Security researchers have identified a critical vulnerability in all versions of Android devices, from 2.1 to 4.4, that deals with how apps are signed. Bluebox Security dubbed the flaw Fake ID; in the same way an underage person might use a fake ID to gain access to a bar, the vulnerability could allow a malicious app to trick the Android security model into believing it is a trusted application and then grant it access to special privileges.
Although Google made changes to how app permissions are displayed, those permissions are still visible if users take the time to check. But most people don’t dig around into the digital certificate that signed the app; it happens without any user notification. Yet this trusted digital signature says who built the app and that it's legit. It is what determines who can update the app, what apps can share data, and any special privileges granting the app access to functionality.
Apps are trusted by their digital certificate of authenticity chain and Fake ID exploits that Android security model. Bluebox Security chief technology officer Jeff Forristal explained, “The Android package installer makes no attempt to verify the authenticity of a certificate chain; in other words, an identity can claim to be issued by another identity, and the Android cryptographic code will not verify the claim (normally done by verifying the issuer signature of the child certificate against the public certificate of the issuer).”
For example, an attacker can create a new digital identity certificate, forge a claim that the identity certificate was issued by Adobe Systems, and sign an application with a certificate chain that contains a malicious identity certificate and the Adobe Systems certificate. Upon installation, the Android package installer will not verify the claim of the malicious identity certificate, and create a package signature that contains both the certificates. This, in turn, tricks the certificate-checking code in the webview plugin manager (who explicitly checks the chain for the Adobe certificate) and allows the application to be granted the special webview plugin privilege given to Adobe Systems – leading to a sandbox escape and insertion of malicious code, in the form of a webview plugin, into other applications.
Besides inserting a Trojan into an app to impersonate Adobe, an attacker could exploit Fake ID in order to impersonate Google Wallet and gain access to NFC financial and payment data. By impersonating 3LM, an attacker could take “full management control of the entire device.”
“The problem is further compounded by the fact that multiple signers can sign an Android application (as long as each signer signs all the same application pieces).” According to Bluebox, “This allows a hacker to create a single malicious application that carries multiple fake identities at once, taking advantage of multiple signature verification privilege opportunities to escape the sandbox, access NFC hardware used in secure payments, and take device administrative control without any prompt or notification provide to the user of the device.”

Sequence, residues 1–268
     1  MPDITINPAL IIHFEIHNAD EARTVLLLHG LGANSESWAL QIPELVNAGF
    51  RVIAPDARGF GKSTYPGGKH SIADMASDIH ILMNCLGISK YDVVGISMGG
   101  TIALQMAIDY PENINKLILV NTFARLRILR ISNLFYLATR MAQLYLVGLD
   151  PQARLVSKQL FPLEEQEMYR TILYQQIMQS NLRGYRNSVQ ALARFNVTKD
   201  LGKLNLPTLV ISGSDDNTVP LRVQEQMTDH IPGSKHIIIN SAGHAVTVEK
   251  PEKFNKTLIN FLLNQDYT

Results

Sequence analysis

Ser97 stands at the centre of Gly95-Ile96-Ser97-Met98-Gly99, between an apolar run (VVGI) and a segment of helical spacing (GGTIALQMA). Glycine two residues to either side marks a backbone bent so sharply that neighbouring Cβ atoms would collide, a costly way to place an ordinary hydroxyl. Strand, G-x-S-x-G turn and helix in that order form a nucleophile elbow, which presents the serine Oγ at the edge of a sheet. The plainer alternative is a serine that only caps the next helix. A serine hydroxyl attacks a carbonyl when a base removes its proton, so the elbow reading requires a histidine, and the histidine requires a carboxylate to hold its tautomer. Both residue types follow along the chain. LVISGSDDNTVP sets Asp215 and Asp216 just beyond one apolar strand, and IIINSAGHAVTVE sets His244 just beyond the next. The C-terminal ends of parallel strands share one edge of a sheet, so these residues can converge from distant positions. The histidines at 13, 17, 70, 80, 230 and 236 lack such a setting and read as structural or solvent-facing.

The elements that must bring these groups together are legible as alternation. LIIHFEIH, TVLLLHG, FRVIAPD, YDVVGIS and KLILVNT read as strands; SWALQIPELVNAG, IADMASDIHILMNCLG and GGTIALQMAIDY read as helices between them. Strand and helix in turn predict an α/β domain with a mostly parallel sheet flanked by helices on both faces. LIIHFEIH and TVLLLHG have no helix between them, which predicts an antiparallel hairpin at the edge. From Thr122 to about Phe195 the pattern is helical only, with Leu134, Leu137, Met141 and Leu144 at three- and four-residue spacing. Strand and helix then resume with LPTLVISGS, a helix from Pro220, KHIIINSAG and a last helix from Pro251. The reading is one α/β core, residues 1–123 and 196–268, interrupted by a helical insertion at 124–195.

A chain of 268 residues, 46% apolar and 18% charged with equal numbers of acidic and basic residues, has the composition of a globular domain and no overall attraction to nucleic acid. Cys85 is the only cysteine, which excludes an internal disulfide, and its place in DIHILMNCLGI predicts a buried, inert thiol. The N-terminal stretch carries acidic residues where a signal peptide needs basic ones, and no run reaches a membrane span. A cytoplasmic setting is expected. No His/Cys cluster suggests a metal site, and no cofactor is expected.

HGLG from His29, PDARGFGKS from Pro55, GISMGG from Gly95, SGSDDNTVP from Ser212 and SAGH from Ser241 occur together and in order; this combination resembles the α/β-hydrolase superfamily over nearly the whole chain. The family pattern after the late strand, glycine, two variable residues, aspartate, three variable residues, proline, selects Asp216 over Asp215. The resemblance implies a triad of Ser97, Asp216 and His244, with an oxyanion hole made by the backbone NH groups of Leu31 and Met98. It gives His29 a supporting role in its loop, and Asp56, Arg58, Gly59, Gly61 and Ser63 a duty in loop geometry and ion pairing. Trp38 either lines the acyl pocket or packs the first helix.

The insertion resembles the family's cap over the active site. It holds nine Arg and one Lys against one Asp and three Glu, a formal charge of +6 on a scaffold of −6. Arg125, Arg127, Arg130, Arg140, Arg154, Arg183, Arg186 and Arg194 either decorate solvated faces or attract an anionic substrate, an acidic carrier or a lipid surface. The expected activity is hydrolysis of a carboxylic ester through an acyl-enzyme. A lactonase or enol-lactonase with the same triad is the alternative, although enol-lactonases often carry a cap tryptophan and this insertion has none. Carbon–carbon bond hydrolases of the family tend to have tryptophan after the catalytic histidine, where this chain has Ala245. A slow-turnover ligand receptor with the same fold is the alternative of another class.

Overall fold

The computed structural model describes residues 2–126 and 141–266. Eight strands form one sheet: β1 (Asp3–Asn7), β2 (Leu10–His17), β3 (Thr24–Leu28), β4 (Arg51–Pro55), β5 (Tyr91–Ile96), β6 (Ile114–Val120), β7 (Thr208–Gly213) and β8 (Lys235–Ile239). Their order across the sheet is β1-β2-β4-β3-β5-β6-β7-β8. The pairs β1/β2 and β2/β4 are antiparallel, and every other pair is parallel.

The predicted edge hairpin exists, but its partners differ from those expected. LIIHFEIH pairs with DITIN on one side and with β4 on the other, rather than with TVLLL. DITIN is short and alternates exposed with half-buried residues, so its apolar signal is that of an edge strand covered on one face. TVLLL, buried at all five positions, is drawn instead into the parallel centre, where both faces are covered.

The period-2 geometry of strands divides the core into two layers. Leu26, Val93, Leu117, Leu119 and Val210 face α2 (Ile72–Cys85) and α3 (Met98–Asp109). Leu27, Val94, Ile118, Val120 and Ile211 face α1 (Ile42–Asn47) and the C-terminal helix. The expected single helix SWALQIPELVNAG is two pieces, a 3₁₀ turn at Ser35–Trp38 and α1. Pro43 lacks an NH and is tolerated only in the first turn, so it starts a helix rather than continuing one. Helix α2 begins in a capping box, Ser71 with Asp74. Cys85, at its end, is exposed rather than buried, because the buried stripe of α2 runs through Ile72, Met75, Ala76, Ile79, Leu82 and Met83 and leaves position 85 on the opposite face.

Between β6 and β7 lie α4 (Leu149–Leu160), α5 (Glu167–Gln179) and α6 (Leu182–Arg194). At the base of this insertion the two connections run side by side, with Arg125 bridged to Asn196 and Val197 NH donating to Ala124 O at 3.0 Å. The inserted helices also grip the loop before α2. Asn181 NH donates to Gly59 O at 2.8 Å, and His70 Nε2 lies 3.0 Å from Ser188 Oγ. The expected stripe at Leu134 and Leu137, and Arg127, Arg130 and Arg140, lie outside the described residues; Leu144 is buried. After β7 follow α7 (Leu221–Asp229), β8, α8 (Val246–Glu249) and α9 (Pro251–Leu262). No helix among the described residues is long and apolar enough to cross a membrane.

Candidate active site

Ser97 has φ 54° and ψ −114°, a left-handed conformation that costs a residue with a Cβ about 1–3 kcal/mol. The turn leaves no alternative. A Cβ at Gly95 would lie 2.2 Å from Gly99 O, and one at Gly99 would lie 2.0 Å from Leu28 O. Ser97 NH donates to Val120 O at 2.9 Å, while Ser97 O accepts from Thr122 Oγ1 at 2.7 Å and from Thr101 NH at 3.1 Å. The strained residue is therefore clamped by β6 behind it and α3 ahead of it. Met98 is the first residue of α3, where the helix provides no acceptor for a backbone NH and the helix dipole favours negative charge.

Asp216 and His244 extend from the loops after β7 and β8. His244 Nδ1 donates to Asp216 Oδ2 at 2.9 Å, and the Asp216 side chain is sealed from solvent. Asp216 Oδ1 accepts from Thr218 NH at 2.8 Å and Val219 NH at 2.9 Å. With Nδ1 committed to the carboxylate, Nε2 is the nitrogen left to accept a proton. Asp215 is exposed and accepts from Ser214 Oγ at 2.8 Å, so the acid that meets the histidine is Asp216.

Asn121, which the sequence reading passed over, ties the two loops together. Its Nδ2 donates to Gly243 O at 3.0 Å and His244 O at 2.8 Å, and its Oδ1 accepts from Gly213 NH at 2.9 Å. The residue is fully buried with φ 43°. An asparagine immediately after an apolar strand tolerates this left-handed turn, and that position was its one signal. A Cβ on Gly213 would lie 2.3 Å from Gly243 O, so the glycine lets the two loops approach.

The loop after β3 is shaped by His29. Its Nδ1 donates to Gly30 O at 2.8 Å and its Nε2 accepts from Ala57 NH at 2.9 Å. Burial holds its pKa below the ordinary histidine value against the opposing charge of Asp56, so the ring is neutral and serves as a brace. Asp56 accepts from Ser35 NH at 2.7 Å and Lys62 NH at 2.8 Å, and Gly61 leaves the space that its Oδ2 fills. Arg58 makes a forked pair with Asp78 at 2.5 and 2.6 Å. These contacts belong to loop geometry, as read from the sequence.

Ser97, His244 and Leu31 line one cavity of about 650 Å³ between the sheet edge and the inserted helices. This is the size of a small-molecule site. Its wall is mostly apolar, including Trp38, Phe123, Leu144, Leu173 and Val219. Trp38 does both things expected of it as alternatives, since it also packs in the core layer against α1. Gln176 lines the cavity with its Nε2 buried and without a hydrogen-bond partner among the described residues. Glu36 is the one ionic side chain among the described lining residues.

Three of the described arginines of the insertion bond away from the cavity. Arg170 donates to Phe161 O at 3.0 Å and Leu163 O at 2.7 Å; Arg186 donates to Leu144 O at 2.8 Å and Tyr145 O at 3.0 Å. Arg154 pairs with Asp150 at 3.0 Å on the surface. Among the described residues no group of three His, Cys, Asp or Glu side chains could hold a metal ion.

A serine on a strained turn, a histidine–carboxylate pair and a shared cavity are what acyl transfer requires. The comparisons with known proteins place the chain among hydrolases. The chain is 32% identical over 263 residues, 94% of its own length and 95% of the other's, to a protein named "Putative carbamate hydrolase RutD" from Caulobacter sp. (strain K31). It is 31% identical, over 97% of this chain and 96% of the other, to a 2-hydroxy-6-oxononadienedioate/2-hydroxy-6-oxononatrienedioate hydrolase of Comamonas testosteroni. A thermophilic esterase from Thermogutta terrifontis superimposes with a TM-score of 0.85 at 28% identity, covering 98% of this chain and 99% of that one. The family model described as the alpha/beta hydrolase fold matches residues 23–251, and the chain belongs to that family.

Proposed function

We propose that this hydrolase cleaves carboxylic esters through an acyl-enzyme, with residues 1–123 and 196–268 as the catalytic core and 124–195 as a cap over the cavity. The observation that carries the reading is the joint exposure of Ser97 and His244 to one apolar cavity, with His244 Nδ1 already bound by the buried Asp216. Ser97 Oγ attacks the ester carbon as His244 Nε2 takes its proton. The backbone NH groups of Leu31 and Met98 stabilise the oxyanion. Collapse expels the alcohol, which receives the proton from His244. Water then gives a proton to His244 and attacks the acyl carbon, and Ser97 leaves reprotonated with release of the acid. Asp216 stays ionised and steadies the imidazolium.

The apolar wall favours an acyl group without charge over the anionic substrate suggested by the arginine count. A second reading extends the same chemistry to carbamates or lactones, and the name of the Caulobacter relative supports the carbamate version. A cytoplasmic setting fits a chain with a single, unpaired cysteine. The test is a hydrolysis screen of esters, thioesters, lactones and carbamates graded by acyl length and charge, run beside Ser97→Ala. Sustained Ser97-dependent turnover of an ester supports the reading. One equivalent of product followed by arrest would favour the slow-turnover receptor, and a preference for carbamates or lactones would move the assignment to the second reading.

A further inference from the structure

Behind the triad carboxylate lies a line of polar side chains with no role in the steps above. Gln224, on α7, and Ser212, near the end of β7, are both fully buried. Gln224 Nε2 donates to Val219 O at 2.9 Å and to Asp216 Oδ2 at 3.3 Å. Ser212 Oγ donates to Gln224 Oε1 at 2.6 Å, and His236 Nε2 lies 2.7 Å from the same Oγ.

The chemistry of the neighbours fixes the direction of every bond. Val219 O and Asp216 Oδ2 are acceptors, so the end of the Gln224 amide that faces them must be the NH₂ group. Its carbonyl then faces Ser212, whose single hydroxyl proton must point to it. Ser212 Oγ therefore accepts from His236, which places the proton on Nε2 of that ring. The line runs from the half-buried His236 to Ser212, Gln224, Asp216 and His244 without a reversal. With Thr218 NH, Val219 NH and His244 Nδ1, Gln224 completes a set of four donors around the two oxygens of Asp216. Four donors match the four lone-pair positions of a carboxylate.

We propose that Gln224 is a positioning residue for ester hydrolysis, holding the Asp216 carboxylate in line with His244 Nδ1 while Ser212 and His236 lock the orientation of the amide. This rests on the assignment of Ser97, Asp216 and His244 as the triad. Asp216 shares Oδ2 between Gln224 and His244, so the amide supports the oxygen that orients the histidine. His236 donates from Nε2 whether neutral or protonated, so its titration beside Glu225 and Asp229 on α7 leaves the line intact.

“You could use any app distribution mechanism, whether it’s a link in SMS or a legitimate app store. Look at other Android malware. You do it whatever it takes for the user to say, Yeah I want that app,” Forristal said. “It’s certainly severe. It’s completely stealth and transparent to the user and it’s absolutely the stuff that malware is made of. It operates extremely consistently, so in that regard it’s going to be extremely attractive to malware.”
Of about 6,300 Android device models, Bluebox researchers have tested about 40. Forristal said the vulnerability dates back "to the January 2010 release of Android 2.1" and affects "all devices that are not patched for Google bug 13678484." Google made changes in Android 4.4, or KitKat, which closed the hole in the case of Adobe, but KitKat devices are still vulnerable to Fake ID.
Although Google cooked up a generic code fix in April and provided the patch to the Android phone manufacturers, those manufacturers need to include that fix into a firmware update and give it to wireless carriers. Then the carrier must push the firmware update that includes a fix for the Fake ID vulnerability out to Androids. In other words, Google may have fixed the flaw but that doesn’t mean your Android is patched and safe.
As far as Bluebox knows, only one vendor has patched the Fake ID hole. Now that the details about the security flaw are in the wild, it is only a matter of time before some cyber-thug decides to actively exploit it.
So when you drill down to the nitty gritty, what you really want to know is if your phone is vulnerable. If you install the Bluebox Security Scanner app and it shows that your Android is vulnerable to Bug 13678484 (Fake ID), then it suggests to “ask your phone carrier and/or device vendor for update.”
Beneath that advice, there is a link for “Can Bluebox provide me vendor contact info?” Don’t hold your breath because the answer you will see is captured in the screenshot on the right:
Google indicates there are 6,300 known Android devices (as of July 2014). Each one of those has a separate fix. As you can imagine, it is not practical for Bluebox to try to track update information for that many devices. You know who you got your phone from, and you know who your carrier is – so use whatever customer support means they offer to inquire about an update.
Forristal will present more technical details and demonstrate the exploit against a live device at Black Hat when Bluebox presents "Android FakeID Vulnerability Walkthrough."